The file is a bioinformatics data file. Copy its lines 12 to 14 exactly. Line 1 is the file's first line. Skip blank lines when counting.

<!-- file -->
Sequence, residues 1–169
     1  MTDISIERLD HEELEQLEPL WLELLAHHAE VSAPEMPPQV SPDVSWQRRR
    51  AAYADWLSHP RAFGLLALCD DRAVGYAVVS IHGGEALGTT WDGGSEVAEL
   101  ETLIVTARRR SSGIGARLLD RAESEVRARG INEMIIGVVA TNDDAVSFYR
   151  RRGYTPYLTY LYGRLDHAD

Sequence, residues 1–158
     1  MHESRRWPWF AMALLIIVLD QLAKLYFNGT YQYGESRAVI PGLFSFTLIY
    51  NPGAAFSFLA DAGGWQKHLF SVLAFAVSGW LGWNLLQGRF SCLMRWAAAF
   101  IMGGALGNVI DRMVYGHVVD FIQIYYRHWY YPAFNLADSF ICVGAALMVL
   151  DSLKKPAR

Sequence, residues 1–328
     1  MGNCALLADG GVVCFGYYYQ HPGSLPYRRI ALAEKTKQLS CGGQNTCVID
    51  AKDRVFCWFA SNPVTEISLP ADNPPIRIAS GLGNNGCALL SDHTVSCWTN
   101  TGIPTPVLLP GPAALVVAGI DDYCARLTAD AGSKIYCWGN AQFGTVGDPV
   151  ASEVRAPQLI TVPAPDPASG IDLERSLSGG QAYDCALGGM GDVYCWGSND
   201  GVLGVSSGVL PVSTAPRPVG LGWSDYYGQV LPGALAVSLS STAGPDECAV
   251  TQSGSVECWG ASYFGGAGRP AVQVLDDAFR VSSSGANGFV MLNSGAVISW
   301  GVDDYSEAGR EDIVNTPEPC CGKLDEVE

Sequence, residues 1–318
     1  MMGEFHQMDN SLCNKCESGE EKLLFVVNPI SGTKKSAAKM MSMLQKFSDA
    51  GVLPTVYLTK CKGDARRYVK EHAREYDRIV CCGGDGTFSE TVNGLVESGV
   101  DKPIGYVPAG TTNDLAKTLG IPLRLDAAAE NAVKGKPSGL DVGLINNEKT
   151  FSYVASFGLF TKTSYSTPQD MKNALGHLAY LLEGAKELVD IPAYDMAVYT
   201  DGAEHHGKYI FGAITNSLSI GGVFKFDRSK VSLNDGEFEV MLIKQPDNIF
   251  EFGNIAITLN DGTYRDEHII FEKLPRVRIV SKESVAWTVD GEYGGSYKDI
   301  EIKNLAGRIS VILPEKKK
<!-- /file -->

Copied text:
     1  MGNCALLADG GVVCFGYYYQ HPGSLPYRRI ALAEKTKQLS CGGQNTCVID
    51  AKDRVFCWFA SNPVTEISLP ADNPPIRIAS GLGNNGCALL SDHTVSCWTN
   101  TGIPTPVLLP GPAALVVAGI DDYCARLTAD AGSKIYCWGN AQFGTVGDPV